“Everyone, get back inside now,” Mrs Darrow called out, her voice a sharp tone of authority.

Danny saw a speck of blood on her forehead. Saw the look of fear on her face.

As the crowd of kids had run into the playground, manic faces of glee on their faces, now they ran back inside screaming in terror.

Danny held his hands to his face. Felt the small bullets of insects hitting his hands as he peered between his fingers.

He could see no sky at all now. Only a black mass, like static on a broken TV, of birds and insects.

All flying. All leaving.

What did they know?

What were they flying from?

Other kids knocked at his shoulders as they ran for the doors again. He saw a kid fall down and others trampled over his body in absolute panic.

Then, below his feet, a tremor. A small rumbling.

He pulled his head down and gazed at the ground by his feet.

He could feel the ground shaking.

The sound of it rose up to his ears and drowned out the sound of the kids screaming.

His feet shook at the tremor below. His legs shook like jelly.

He was unable to comprehend what was happening.

Then a loud cracking sound.

Reading Comprehension Questions

Who is the main character in the story?

What is his full name?

Where is he going?

Who is walking with him?

What does Danny notice about the birds in the sky?

What is Fergie’s reaction to what Danny can see?

What is Fergie’s mind occupied with instead?

Describe the atmosphere in Danny’s classroom.

Are the students looking forward to the first class?

Are the birds that Danny sees outside all the same type or species?

What three species of bird does Danny see flying outside?

Does Mr Wylde think Danny is paying attention in the classroom?

Are the other students entertained by Danny’s behaviour in the class?

What does Fergie ask Danny? What does he want to know?

Who brings the attention of the other students to the birds?

Do the other students look at the birds?

What is Mr. Wylde’s reaction when he sees the birds?

Who enters the classroom?

What does she say?

What do the students do next?

Describe the feeling in the playground as all the students observe the birds flying above their heads.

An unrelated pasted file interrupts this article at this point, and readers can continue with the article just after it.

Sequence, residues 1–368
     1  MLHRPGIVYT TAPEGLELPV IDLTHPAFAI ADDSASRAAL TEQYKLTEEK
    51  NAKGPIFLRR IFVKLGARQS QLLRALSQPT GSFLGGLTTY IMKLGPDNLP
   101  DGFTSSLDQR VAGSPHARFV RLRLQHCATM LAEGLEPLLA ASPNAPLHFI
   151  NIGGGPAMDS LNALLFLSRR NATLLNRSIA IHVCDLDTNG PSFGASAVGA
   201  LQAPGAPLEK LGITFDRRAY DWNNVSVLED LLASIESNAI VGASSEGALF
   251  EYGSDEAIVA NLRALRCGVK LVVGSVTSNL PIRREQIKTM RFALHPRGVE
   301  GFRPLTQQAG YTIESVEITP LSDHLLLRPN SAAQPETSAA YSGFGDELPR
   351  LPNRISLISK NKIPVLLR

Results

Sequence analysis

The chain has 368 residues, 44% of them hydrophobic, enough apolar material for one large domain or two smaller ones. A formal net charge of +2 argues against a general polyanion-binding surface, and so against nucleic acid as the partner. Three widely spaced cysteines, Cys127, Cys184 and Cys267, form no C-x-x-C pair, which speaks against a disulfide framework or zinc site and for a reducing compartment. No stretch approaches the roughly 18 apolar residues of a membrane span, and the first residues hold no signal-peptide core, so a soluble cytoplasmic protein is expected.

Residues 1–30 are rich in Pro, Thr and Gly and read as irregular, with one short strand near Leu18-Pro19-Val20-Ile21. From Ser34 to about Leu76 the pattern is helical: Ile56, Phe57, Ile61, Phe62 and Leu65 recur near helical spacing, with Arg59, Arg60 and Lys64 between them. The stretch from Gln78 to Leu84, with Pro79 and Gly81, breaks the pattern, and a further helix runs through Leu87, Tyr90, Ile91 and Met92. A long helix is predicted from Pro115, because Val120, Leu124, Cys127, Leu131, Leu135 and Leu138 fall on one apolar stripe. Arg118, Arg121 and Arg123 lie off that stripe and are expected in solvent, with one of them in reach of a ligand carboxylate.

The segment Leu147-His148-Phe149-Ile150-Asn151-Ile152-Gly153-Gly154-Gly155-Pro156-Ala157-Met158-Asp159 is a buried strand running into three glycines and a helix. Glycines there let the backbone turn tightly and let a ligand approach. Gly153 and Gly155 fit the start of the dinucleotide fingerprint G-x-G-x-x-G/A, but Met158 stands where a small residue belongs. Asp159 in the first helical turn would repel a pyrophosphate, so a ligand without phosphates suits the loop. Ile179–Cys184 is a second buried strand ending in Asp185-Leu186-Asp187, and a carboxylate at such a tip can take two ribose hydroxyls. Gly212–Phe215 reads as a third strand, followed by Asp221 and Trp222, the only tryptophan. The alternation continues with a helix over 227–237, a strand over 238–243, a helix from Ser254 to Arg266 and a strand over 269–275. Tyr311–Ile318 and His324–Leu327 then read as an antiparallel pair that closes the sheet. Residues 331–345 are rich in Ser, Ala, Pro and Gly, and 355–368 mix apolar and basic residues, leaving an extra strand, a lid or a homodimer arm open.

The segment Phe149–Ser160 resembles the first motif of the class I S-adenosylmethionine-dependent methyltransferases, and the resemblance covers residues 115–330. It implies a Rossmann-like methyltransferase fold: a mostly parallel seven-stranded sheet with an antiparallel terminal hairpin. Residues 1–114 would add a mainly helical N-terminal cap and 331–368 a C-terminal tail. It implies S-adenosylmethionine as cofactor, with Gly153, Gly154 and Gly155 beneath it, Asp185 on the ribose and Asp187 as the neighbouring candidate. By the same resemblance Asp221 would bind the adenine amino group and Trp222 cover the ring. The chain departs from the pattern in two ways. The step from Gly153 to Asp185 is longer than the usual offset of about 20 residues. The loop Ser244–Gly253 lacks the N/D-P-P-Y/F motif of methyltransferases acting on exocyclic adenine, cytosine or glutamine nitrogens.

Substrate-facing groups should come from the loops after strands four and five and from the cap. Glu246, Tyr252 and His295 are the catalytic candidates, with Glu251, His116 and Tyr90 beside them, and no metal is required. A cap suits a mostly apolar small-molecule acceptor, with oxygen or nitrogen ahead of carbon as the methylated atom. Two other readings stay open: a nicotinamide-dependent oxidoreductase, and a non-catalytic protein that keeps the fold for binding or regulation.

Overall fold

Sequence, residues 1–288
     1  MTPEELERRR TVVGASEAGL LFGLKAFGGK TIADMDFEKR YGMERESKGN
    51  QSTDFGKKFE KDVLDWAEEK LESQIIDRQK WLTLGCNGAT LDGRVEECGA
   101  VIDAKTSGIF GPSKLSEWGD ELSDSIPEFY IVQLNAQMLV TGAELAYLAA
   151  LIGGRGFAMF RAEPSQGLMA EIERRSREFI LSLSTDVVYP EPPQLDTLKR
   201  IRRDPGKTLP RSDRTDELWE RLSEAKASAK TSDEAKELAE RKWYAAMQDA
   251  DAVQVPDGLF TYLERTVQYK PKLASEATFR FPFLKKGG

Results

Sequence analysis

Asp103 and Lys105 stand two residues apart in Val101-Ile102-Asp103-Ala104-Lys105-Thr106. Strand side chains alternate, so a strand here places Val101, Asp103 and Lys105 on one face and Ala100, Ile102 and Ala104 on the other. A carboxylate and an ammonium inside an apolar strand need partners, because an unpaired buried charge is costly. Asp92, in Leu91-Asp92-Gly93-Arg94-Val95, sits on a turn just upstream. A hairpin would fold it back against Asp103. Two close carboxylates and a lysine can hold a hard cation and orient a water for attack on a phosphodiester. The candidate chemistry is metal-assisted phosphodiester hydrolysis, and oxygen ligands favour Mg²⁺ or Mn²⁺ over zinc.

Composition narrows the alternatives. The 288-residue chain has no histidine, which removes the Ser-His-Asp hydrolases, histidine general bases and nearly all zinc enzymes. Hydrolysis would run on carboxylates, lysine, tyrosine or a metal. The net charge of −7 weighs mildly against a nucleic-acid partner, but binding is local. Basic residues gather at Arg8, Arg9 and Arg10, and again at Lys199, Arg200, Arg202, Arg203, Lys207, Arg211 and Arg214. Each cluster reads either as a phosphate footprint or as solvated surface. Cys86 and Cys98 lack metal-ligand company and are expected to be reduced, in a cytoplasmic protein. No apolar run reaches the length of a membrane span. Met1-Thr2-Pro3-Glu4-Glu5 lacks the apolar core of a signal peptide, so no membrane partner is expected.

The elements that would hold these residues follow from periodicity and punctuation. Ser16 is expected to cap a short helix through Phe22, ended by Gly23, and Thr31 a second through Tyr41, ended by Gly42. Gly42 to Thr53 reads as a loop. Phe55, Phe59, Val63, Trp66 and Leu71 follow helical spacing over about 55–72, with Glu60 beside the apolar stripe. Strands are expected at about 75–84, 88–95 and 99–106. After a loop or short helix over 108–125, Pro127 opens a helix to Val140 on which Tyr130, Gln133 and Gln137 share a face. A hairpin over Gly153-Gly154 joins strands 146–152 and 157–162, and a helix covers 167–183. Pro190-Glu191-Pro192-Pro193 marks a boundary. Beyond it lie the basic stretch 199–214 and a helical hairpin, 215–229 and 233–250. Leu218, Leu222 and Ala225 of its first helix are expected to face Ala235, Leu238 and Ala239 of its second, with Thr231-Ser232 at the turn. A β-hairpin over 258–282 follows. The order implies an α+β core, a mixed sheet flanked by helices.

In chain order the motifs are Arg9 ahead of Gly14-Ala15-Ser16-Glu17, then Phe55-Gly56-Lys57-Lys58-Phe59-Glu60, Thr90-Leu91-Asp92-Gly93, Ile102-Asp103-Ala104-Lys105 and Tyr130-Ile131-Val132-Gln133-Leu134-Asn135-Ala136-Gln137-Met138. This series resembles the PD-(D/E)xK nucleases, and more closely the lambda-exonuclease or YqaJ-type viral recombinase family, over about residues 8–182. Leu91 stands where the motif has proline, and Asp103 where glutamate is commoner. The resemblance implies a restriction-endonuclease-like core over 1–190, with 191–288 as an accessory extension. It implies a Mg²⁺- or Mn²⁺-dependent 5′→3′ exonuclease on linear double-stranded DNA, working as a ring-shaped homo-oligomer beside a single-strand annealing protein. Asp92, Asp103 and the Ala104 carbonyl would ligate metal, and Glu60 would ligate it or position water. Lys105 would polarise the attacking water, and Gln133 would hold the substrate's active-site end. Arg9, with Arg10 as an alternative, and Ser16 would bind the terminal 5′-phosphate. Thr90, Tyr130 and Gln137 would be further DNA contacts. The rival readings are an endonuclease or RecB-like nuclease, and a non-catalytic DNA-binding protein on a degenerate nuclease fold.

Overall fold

What causes the atmosphere to change from excitement to panic in the playground?

How does Mrs. Darrow try to control the situation?

What does Danny feel and see when the insects start flying into the crowd?

What happens to the ground beneath Danny’s feet at the end of the story?

The Leaving a short story for English reading and speaking (4)

Essential Vocabulary

Birds

Window

Bewilderment

Class

Face

Gawping

Crowd

Hands

Tremor

Teacher

Panic

Rumblings

Sky

Shrill

Usher

Running

Homogeneous

Comprehend

Laughing

Exodus

 

 

Exercise

 

Write down all the words and phrases in your vocabulary notebook. Look in your dictionary and find the meaning of each word. Write the definition next to each word.

Then make up your own sentences using each word or phrase.

 

For example:

 

BirdsA type of animal that can fly and lays eggs. Often live in trees.

 

ClassA group of students in a school or university that are taught together.

 

Then write a sentence of your own that uses the new word or phrase correctly.

 

I like to get up early, walk around, and hear the birds singing as the sun rises.

 

Sarah looked forward to her sociology class, as she loved the subject so much.

 

Do this with all the vocabulary and, over time, this will help improve all your English skills — reading, writing, speaking and listening.

The Leaving a short story for English reading and speaking (5)

Discussion Questions

What did you think of this story?

At the beginning of the story, Danny seems to be the only person that notices the birds.

Why is this so, do you think?

The story doesn’t say what time of year it is. What do you think it might be?

Is this relevant to the story?

Finally, other people start to notice the birds. The story says that Mr Wylde the teacher has an expression of concern on his face.

Why would he be concerned about it?

After Miss Haven comes into the class and mentions the birds, all the students seem very excited.

What is the reason for this do you think?

Are they interested in the birds?

Or do they just need an excuse to not do any studying?

Do you think Mrs Darrow knows something about the birds?

Why is she so keen to get the students back into the school building?

Describe the change in atmosphere, when insects start to fly among the students and teachers.

What emotions were the students feeling before?

How does the story end do you think?

What do the birds’ and insects’ instincts tell them, that human beings do not know?

What is the rumbling sound in the ground?

What could it be?

Do you think birds and other animals have other senses that can feel things that we as human beings cannot?

Try to give some examples.

How can there be so many birds and insects in this one place?

Is it possible? Or just for the elements of the story?

If you were one of the students in the story, would you run outside to the playground with the others?

How do you think you would react if you were one of the students?

The story ends by saying there is a loud cracking sound.

What do you think it is?

What do you think happens next?

You can download the full lesson plan by clicking the link below!